Turned out Bush's staff had diddled the numbers so he could speak about the wonderfulness of him and education.  :wacko:

What kills me is that there are people who believed him then and people who still believe him.

After all the times he's stood up in public and lied, surely nobody is surprised at his "sudden" lack of ethics?

And is anybody else sick to death of him saying "So I said, Vladimir, (I call him Vladimir, you know...)" :barf:


And Lord, I'd like to see presidential pardons simply eliminated. Not a single president I can think of has ever used them for anything except getting their buddies off the hoo/paying off political IOU's (except for possibly Ford, and I still don't know whether pardoning Nixon was the right or wrong thing to do, although I tend to think it was the wrong thing). It has very little point and almost always makes the president using the pardon look really bad.

Edited by Rhea, 03 July 2007 - 01:10 PM.

The future is better than the past. Despite the crepehangers, romanticists, and anti-intellectuals, the world steadily grows better because the human mind, applying itself to environment, makes it better. With hands...with tools...with horse sense and science and engineering.
- Robert A. Heinlein

When I don’t understand, I have an unbearable itch to know why. - RAH


Everything is theoretically impossible, until it is done. One could write a history of science in reverse by assembling the solemn pronouncements of highest authority about what could not be done and could never happen.  - RAH

#56 Spectacles

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Posted 03 July 2007 - 01:37 PM

Well, despite all his talk about how he respected the jury's verdict and chose to let the fine and other penalties stand, Bush today refused to rule out a pardon down the line. So it looks like he'll pardon Libby entirely on his way out the door in January 2009--a day that can't come soon enough for me and now for Scooter Libby.  :glare:

http://www.forbes.co.../ap3881583.html

By the way, I saw this press conference and Bush looked more uncomfortable than I've ever seen him. He was asked why the prison sentence was "excessive" if it fell within federal sentencing guidelines for perjury and obstruction of justice, and while he fumbled for an evasive answer, he looked miserable.
"Facts are stupid things." -Ronald Reagan at the 1988 Republican National Convention, attempting to quote John Adams, who said, "Facts are stubborn things"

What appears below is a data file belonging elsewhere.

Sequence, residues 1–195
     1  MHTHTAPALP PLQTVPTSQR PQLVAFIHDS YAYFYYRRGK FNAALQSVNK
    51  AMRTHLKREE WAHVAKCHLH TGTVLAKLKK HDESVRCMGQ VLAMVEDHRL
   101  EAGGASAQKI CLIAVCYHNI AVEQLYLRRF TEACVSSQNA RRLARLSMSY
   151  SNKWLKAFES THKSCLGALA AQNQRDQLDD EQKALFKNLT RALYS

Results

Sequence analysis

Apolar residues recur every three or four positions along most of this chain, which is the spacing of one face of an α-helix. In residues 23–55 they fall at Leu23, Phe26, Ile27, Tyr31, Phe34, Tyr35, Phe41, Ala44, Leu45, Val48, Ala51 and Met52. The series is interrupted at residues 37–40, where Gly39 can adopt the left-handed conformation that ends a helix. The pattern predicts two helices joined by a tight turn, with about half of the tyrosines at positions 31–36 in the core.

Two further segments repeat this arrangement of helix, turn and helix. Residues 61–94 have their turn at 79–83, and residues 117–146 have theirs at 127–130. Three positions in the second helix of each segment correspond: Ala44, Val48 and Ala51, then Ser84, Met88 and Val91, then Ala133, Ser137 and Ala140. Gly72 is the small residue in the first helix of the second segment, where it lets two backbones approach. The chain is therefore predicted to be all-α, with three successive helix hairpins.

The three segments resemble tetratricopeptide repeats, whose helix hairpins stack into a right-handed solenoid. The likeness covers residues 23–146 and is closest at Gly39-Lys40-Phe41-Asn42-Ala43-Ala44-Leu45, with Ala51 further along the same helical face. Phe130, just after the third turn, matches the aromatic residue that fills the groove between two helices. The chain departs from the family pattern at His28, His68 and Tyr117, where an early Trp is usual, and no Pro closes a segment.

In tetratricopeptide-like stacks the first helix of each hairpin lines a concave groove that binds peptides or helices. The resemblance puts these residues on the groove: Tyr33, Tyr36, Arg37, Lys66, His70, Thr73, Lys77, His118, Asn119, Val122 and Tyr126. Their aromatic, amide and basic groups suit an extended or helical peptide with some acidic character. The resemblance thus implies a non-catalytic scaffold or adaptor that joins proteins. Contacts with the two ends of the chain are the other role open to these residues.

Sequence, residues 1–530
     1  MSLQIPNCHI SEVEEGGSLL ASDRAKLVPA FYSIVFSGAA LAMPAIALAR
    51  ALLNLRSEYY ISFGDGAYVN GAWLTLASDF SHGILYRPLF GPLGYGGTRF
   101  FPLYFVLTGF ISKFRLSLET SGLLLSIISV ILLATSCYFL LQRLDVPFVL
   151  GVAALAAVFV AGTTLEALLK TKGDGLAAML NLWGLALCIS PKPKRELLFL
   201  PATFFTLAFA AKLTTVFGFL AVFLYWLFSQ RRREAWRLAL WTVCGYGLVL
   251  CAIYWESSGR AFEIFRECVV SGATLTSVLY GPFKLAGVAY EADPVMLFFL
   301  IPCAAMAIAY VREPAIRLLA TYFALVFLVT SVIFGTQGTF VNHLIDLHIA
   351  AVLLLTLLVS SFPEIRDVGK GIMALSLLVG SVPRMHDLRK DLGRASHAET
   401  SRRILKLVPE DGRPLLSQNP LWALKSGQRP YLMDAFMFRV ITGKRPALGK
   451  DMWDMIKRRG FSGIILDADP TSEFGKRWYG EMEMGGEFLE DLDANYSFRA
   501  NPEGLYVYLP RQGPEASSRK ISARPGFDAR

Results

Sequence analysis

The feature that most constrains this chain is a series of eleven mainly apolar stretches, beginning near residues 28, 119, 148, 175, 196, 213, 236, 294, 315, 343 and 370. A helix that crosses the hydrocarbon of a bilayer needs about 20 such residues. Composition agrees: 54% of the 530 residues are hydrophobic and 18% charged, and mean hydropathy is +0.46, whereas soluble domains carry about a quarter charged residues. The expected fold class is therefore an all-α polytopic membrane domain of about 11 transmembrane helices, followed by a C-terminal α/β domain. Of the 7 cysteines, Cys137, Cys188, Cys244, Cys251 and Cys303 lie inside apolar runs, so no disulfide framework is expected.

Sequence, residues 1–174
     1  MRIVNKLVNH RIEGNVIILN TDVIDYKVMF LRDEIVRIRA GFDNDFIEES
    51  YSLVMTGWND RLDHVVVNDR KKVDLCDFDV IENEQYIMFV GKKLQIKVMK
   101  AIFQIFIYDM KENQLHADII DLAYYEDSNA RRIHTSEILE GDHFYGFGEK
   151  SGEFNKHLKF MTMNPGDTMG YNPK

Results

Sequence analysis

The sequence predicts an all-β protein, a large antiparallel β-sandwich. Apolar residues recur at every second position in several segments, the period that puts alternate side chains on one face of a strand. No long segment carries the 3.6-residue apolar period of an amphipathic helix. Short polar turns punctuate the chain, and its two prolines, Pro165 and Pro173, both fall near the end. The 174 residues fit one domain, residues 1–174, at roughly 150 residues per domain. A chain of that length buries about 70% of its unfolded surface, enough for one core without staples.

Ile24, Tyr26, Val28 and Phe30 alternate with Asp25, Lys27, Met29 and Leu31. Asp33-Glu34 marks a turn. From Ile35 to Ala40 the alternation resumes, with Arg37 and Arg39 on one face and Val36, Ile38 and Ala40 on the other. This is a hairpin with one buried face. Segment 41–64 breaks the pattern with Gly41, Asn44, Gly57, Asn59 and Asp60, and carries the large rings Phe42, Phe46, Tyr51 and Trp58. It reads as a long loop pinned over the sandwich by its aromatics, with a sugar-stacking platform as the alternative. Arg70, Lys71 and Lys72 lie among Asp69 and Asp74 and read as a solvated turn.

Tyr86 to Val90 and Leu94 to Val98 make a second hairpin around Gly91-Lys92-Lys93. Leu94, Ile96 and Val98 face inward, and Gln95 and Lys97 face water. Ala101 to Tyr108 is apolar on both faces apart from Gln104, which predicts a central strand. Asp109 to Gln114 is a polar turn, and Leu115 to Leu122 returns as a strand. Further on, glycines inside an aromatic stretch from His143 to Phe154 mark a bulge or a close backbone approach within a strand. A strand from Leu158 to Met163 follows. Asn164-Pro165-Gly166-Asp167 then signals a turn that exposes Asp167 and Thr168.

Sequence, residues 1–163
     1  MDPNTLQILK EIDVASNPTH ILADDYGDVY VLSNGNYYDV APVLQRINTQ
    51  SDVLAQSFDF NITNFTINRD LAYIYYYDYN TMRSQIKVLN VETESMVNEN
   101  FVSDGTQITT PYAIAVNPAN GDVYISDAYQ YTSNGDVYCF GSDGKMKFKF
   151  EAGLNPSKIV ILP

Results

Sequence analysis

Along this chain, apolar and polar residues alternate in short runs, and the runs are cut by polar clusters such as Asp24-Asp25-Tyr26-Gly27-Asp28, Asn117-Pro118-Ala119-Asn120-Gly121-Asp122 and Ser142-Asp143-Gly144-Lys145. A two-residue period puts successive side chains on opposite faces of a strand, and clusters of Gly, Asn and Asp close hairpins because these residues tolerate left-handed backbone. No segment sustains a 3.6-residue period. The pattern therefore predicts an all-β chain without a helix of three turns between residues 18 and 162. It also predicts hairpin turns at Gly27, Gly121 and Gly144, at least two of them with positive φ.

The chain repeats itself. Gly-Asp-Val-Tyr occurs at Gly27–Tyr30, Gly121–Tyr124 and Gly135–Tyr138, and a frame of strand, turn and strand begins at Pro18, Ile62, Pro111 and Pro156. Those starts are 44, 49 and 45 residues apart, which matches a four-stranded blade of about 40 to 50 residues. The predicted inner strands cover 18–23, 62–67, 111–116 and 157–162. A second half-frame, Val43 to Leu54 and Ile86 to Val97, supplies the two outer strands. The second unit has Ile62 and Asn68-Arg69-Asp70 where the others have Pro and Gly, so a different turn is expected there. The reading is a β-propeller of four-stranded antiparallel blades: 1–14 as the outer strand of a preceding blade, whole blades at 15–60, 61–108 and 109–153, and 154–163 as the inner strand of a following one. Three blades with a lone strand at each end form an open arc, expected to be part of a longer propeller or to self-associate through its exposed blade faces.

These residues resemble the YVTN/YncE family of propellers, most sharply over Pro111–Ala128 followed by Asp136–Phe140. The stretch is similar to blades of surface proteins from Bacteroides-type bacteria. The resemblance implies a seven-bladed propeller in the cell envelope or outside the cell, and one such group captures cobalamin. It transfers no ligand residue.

"Although health care enrollment is actually going pretty well at this point, thousands and maybe millions of Americans have failed to sign up for coverage because they believe the false horror stories they keep hearing." -- Paul Krugman

#57 Bad Wolf

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Posted 03 July 2007 - 01:37 PM

View PostCait, on Jul 3 2007, 09:49 AM, said:

View PostUna Salus Lillius, on Jul 3 2007, 09:22 AM, said:

View PostCait, on Jul 3 2007, 08:30 AM, said:

View PostSpectacles, on Jul 3 2007, 08:18 AM, said:

Editor & Publisher has a roundup of editorial page reactions to Bush's commutation of Libby's prison sentence. Interesting reading:

http://www.editorand...t_id=1003606531

humm, seems the media has a few choice words about it too.  

It's an interesting claim, that the commutation itself is an obstruction of justice.  I suppose there could be a case made for the old "it's not whether or not the President has the power to do it, it's how he uses that power".  If he used it to obstruct justice then.. well, he used it to obstruct justice.  

But, we'll never know.  That's the way it is with this Administration.  They don't allow anyone to 'peek' in--not Congressional subpoenas, not special prosecutors, no one.  It's difficult not to go into agreement with the claims from the fringe Left that this Administrations holds itself above the other two branches when stuff like this happens.

Ford pardoned Nixon.

And???

And this is no big surprise and there's plenty of precedent for it.  Nor is it an abuse of executive power.  Nor is it obstruction of justice unless someone can show that Bush did it to "bribe" Libby into not talking which would be hugely difficult if not impossible to prove.  You know how I feel about this administration but this is something Bush is perfectly within his rights to do.
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#58 Rhea

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Posted 03 July 2007 - 01:39 PM

^He has the right legally, but morally? Bah.  :suspect:  :glare:
The future is better than the past. Despite the crepehangers, romanticists, and anti-intellectuals, the world steadily grows better because the human mind, applying itself to environment, makes it better. With hands...with tools...with horse sense and science and engineering.
- Robert A. Heinlein

When I don’t understand, I have an unbearable itch to know why. - RAH


Everything is theoretically impossible, until it is done. One could write a history of science in reverse by assembling the solemn pronouncements of highest authority about what could not be done and could never happen.  - RAH

#59 Bad Wolf

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Posted 03 July 2007 - 01:42 PM

View PostRhea, on Jul 3 2007, 11:39 AM, said:

^He has the right legally, but morally? Bah.  :suspect:  :glare:

When people start throwing around terms like "obstruction of justice" and "abuse of executive power", the issue IS legal (not moral).  Unfortunately the law is not necessarily about morality.  Lots of things don't pass the moral smell test.  That doesn't make them illegal.

Lil
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#60 Hambil

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Posted 03 July 2007 - 01:45 PM

Bush has no political constraints right now. He isn't running for re-election, and nobody even close to him is running. Anyone who does run will run *against* his name, and certainly he won't be campaigning for them. The only thing that reigns in a president (other than internal moral code haha) is political pressure, and Bush is pressure free.

Edited by Hambil, 03 July 2007 - 01:46 PM.